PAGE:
After doing a bit of cooking, kitchen cleaning and sorting downstairs, I wandered back up to the loft to watch Mission Impossible 3 on the desktop computer (Eh. Good thing I could watch it free with Amazon Prime).
Incapable of just sitting to watch, I either start to twitch, or fall asleep. As long as I was at the desk, I could start putting tabs on the myriad hanging files created for the massive amount of paperwork related to the condo purchase.
The previous owners left me a great deal of ... paper. Hiding in the trunk of my car is the robe box from Boston Store that holds condo association correspondence from the last fifteen years - in my trunk still from last August, when I thought the sale was falling through and I needed to return them.
In the built in bookcase upstairs on move-in day, I found another, six inch stack of files and paperwork. To get it out of the way, I tucked in a few hanging files and closed the drawer.
Those files are a treasure trove of history of the condo and the appliances. The previous owners saved almost everything. I have both receipts and owner's manuals for pretty much every appliance in the place - furnace, air conditioner, dishwasher, microwave, range, washer and dryer, refrigerator, ceiling fan and fireplace. Even the little instruction booklet for the thermostat is tucked in one of the files.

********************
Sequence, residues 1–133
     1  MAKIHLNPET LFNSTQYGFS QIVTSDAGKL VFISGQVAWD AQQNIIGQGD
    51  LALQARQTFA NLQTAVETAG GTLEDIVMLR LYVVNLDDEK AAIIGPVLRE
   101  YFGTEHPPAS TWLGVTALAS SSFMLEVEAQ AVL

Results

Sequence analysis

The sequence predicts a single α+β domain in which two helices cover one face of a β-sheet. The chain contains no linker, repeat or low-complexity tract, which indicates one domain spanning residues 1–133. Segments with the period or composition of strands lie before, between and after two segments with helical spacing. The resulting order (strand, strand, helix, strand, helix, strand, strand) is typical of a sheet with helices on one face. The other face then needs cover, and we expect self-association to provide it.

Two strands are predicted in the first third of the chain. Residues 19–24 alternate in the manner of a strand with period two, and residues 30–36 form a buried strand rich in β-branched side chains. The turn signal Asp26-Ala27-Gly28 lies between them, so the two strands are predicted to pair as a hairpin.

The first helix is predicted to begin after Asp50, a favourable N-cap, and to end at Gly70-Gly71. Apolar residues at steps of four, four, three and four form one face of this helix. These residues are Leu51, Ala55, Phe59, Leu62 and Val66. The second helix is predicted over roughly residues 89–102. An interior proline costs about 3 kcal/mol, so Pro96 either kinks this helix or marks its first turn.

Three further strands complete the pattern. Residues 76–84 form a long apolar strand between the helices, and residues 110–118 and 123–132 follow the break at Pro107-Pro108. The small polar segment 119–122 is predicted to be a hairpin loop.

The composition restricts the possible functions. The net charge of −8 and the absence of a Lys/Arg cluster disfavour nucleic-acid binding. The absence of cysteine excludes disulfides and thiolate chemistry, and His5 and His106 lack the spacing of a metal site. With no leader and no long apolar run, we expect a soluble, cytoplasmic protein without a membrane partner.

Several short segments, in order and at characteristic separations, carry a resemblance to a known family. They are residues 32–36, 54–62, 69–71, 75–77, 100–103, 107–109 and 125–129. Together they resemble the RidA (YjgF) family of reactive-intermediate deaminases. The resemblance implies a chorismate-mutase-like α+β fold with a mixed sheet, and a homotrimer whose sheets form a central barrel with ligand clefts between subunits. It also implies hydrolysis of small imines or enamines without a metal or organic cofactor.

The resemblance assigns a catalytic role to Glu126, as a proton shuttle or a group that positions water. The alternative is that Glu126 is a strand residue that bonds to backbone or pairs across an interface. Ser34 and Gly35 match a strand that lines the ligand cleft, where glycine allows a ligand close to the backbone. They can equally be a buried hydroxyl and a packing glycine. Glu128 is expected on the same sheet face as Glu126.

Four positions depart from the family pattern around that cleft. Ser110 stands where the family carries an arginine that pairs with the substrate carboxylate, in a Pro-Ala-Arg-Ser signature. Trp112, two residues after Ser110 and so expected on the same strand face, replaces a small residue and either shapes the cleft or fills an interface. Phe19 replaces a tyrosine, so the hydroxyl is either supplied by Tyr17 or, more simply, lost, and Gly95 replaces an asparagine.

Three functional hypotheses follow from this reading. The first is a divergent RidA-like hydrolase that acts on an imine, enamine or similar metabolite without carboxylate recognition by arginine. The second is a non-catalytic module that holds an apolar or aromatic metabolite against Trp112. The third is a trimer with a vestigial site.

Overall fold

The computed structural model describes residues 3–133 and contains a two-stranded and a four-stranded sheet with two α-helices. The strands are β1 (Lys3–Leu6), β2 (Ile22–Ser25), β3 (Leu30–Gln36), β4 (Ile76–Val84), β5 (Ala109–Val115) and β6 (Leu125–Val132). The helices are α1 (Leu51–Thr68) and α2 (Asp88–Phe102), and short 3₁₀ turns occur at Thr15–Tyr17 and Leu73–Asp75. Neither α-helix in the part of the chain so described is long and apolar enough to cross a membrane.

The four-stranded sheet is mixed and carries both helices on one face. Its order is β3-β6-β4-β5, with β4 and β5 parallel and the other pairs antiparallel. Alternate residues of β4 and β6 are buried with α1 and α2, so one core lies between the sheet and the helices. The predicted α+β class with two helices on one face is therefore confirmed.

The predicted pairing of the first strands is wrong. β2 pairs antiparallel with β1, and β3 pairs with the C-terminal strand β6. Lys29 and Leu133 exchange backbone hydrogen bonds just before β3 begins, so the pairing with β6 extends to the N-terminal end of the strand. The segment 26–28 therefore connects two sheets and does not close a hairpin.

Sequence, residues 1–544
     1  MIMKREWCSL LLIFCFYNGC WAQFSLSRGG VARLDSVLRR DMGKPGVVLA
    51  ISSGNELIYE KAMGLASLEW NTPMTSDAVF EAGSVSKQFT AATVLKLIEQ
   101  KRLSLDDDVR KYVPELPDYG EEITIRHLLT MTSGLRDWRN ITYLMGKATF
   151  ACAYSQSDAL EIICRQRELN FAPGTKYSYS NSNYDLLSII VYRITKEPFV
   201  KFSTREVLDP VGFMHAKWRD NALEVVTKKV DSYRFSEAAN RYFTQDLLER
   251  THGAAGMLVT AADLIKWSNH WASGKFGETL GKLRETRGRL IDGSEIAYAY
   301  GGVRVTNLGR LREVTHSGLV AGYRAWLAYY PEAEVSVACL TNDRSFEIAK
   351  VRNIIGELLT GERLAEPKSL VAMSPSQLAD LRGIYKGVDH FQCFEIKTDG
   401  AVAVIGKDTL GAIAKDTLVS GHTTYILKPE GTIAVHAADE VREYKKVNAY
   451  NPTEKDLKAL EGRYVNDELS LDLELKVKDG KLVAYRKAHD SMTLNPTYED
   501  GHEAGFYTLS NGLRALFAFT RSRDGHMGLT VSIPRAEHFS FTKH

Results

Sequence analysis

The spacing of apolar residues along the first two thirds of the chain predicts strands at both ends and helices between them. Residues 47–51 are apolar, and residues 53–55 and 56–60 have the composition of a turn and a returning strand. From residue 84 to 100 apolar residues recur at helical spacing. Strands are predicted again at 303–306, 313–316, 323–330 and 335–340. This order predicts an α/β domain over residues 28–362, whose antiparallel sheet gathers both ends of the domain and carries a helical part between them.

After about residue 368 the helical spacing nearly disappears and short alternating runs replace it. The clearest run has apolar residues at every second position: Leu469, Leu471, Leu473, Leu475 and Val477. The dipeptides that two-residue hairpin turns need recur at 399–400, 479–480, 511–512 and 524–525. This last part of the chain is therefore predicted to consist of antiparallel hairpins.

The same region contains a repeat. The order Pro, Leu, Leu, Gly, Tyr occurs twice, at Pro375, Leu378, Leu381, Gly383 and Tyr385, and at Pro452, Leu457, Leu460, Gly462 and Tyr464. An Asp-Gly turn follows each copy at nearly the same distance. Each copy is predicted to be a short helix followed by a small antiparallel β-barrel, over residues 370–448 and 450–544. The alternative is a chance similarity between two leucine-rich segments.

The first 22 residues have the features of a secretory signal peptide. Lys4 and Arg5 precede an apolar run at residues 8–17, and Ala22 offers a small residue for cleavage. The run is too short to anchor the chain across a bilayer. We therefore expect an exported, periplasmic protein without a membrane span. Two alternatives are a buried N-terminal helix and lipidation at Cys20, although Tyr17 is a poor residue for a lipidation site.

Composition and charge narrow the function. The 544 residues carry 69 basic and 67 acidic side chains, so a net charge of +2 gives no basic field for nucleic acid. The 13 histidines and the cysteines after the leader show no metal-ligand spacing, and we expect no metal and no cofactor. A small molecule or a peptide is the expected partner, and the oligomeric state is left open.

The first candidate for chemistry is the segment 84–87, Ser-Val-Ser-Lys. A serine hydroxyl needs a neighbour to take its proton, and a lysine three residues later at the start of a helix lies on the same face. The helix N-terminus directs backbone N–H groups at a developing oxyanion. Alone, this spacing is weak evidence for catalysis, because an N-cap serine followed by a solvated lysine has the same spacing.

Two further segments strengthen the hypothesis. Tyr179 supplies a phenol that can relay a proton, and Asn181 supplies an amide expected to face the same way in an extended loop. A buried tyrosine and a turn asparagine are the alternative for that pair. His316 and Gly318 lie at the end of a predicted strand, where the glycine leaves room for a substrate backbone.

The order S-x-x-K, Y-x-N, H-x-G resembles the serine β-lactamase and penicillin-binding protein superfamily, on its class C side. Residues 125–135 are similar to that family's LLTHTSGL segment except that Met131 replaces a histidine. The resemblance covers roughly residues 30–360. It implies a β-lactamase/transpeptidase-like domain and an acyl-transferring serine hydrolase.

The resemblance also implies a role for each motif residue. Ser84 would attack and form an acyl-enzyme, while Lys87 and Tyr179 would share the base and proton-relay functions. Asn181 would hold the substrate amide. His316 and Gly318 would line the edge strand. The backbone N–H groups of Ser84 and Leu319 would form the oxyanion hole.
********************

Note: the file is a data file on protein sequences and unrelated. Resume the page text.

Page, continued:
It's helpful to know the age of the appliances, as I plan when things will need to be replaced, and whether or not it is worth it to put the old ones on Craig's list.
The planning is the tricky part - so many things I would like to do, not so much because the place needs a lot of work (most of what I'd like to do is cosmetic) but to make it more mine. Well, and to clear up some "what were they thinking?" spots (there is a strange alcove in the loft, which, with the simple addition of sliding doors across the front, will make an awesome closet).
At any rate, I'm grateful for the manuals and the information; it makes life a bit easier.